There’s something uniquely appealing about a brewery that brings together the traditions of the Czech Republic with contemporary Melbourne. Historically speaking, the former is the birthplace of pilsners and considered one of the most important beer cultures in the world.
While Melbourne doesn’t share the same long-established prominence, in more recent times it has become known as something of a leader in Australia’s craft beer industry.
Brunswick’s Foreigner Brewing Co, which first opened its doors late in 2016, manages to combine those two disparate brewing cultures. It’s the work of Mira Koman and Peter Denison, who originally hail from the Czech Republic and met through Melbourne’s expat Czech community.
Brought together by their love of beer as much as their shared heritage, the pair soon started homebrewing. Like many Australian craft brewers, Peter and Mira quickly developed plans to go professional and looked to upsize their production scale. Unlike most breweries, however, Foreigner was largely built by one of its brewers.
Mira’s professional background as a boilermaker brings with it a handy set of skills for someone looking to build their own brewery. Aside from the fermenters, he built the rest of the six-hectolitre brewery, often in spare moments fitted around his day job.
While it may be a small brewery by commercial standards, for Mira and Peter the plan was always to start small. It means most of their beer is sold a few metres from where it is made, and also gives the two of them the opportunity to talk about their story and their beer to whoever walks in. And, given the fact they are located a ten minute stroll from Sydney Road and Brunswick Station, it’s the type of brewery that Melbourne’s northern beer drinking community should be walking into.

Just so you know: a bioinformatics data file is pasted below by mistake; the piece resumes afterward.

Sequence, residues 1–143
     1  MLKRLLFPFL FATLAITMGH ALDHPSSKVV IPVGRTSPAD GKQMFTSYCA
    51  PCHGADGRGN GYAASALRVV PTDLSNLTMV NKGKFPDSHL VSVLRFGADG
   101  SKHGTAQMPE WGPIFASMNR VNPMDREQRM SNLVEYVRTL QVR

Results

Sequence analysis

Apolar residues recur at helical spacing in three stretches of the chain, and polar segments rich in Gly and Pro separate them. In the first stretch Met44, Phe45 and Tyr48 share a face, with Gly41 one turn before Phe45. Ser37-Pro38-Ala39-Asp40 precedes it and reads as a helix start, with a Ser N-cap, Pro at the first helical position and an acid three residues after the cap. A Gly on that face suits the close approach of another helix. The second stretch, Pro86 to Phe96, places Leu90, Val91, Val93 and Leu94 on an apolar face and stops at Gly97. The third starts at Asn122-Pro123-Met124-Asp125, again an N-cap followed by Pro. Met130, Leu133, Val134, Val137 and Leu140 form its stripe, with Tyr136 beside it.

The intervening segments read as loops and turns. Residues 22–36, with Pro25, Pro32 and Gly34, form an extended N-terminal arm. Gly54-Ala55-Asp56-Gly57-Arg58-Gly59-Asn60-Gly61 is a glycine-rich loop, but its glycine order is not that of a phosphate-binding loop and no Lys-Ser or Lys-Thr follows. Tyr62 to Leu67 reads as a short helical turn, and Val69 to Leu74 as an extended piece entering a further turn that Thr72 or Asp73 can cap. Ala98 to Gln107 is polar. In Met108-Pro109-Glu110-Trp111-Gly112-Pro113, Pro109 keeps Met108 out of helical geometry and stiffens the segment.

The proximity of the brewery to all manner of public transport, as well as Brunswick’s young population, makes Foreigner’s location one likely to have some Melbourne breweries casting an envious glance. It’s located in an industrial block featuring row after row of concrete units and roller doors, behind one of which you’ll find a few tables, barstools and beer. During opening hours, expect to find those doors wide open, with vintage records being spun and bar snacks shared around.
Speaking of the beers, unsurprisingly Foreigner has a keen focus on Czech lagers, brewed using traditional methods and recipes. Both their mid-strength and full-strength lagers are packed with Saaz hops and they refer to them as “10 degree” and “12 degree” beers respectively, in reference to the way Czech brewers measure beer on the plato gravity scale.
Peter and Mira also have a level of authority to claim their lagers are as traditional as they come, particularly since the recipes were designed with their friend Petr Petruzalek, who spent more than two decades brewing at Pilsner Urquell.
Yet, keeping true to their current home of Melbourne, Foreigner also brew styles better associated with the modern beer movement. This includes the likes of American-hopped IPAs, Galaxy-packed summer ales and dark ales.
Indeed the beers – much like the rest of the brewery – show that Peter and Mira know how to pair the old world of brewing with the contemporary beer scene. And, for Australian beer drinkers, it’s a cross-cultural beer experience that adds diversity to an increasingly fascinating local landscape.